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  • Lemon Law in Hawaii

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    Buying a car can be an overwhelming task from the moment you start shopping around town. Once you finally make a purchase, the last thing you want to worry about when driving off the lot with your shiny new ride is whether it's going to fall apart on you in the next month.

    But it does happen. Sometimes a vehicle just has a glitch that simply can't be fixed, whether it's the result of a goof on the assembly line or too much jostling during shipment.

    But like most states, Hawaii offers recourse to those faced with this situation. As a matter of fact, the state goes the extra mile to ensure that you understand the process of filing a complaint under the Lemon Law.

    In short, the Lemon Law states that if a new car you purchase has significant defects that should be repaired under the warranty but haven't been, you are entitled to a refund of the purchase price or a replacement vehicle from the manufacturer.

    State Certified Arbitration Program (SCAP)

    Obviously, automakers don't want to give you a new car or your money back if they can avoid it. It's certainly not as easy as returning the car with the receipt for a full refund (after all, you didn't buy it at a department store).

    No, you can nag, beg, cry, threaten, or cajole―but you're not likely to get a car manufacturer to return that much money so easily. Very often, you'll have to resort to calling an attorney who specializes in Hawaii's Lemon Law to help you win your claim in court.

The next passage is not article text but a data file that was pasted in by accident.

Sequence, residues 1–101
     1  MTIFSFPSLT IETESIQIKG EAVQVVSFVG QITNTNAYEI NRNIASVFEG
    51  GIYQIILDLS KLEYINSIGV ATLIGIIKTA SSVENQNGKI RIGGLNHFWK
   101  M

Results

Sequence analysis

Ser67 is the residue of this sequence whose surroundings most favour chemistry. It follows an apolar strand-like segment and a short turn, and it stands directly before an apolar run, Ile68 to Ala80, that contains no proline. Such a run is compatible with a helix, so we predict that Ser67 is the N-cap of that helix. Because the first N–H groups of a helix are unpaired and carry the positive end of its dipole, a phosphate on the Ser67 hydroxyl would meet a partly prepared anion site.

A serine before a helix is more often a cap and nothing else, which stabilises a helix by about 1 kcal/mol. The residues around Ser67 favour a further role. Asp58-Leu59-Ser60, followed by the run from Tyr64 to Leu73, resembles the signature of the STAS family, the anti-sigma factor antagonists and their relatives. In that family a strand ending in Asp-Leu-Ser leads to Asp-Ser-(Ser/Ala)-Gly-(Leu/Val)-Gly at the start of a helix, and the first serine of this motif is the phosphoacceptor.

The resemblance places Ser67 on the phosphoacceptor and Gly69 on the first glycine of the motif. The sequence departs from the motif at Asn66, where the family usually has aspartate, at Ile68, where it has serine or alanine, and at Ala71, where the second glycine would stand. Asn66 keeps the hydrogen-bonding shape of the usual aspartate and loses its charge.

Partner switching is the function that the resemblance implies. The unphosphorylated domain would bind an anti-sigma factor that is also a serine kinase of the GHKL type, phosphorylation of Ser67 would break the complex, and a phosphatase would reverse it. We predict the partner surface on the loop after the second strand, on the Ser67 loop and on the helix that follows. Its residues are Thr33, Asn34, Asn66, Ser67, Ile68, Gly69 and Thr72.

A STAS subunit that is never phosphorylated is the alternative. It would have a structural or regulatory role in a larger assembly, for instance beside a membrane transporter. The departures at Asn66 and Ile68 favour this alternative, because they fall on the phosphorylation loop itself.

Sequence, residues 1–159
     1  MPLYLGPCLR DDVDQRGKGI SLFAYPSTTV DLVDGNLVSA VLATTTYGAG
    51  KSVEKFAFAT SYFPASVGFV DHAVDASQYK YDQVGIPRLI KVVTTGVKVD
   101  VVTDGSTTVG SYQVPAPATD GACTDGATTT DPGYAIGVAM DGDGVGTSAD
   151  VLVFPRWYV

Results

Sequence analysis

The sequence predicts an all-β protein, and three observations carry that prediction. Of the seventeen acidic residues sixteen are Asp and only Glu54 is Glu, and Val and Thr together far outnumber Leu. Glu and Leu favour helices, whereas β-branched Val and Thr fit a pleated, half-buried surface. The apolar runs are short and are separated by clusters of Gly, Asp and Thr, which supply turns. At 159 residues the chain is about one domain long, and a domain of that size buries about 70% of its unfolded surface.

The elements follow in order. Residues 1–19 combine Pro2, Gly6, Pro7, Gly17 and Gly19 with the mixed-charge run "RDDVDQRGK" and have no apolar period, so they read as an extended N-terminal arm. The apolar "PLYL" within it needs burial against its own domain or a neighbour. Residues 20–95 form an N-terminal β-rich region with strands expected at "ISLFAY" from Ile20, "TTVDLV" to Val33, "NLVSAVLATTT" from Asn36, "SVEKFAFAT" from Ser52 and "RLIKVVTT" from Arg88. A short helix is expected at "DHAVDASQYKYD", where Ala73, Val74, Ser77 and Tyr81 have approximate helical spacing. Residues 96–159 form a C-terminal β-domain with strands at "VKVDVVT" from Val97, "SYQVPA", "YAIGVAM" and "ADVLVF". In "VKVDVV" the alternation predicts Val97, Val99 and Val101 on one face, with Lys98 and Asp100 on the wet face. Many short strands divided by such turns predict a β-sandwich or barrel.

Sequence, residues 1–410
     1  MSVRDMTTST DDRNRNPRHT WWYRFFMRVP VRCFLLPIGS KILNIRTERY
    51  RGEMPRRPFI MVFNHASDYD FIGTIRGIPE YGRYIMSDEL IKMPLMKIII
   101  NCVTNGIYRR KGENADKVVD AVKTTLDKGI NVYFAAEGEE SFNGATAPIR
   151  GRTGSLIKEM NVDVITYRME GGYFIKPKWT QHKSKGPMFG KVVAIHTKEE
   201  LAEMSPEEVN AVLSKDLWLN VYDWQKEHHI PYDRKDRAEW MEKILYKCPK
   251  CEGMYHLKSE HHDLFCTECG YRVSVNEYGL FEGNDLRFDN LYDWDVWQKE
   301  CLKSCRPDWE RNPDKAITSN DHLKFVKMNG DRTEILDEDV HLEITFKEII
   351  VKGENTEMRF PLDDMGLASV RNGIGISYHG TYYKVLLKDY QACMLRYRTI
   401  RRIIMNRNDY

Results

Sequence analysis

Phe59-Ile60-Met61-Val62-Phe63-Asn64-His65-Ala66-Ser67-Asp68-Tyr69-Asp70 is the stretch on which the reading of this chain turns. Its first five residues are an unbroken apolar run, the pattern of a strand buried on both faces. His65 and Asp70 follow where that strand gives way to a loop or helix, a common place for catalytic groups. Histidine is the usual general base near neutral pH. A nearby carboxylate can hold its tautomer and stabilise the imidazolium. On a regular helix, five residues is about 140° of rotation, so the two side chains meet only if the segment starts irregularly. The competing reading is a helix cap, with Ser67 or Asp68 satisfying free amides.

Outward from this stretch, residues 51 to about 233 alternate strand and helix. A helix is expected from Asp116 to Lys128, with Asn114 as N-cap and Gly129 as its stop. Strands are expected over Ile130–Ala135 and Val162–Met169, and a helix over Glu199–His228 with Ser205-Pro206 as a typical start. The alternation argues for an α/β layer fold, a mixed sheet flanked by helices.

As an alternative to fighting out a Lemon Law complaint in the court system, however, Hawaii instituted the State Certified Arbitration Program (SCAP). The program is run by the Regulated Industries Complaints Office (RICO) and is designed to help you navigate the often confusing quagmire that you may find yourself in if you bought a lemon.

    If you have any questions regarding the Lemon Law or how your vehicle fits into the process, this is the place to get answers. Not only does SCAP provide an indispensable Lemon Law Handbook that goes into depth about entering mediation, but SCAP's site also has all the forms necessary to deal with the matter. You can view case history statistics.

    Defining a Lemon

    In order to enter the arbitration process with the best chances of success, you will need to provide evidence of a few things. Mostly, you will need to make sure you collect documentation to prove that you have indeed met the requirements of the Lemon Law and that you have taken the necessary steps to resolve the issue―to no avail.

    Under the Lemon Law, a consumer has a period of 2 years or 24,000 miles to bring the defect to the attention of the manufacturer or the dealer acting as a representative of the manufacturer. In addition, you must meet the following requirements:

    • The vehicle in question must be new and under warranty when the defect or malfunction occurs.
    • The problem under warranty must somehow affect the market value of the car, the ability to use it, or its safety.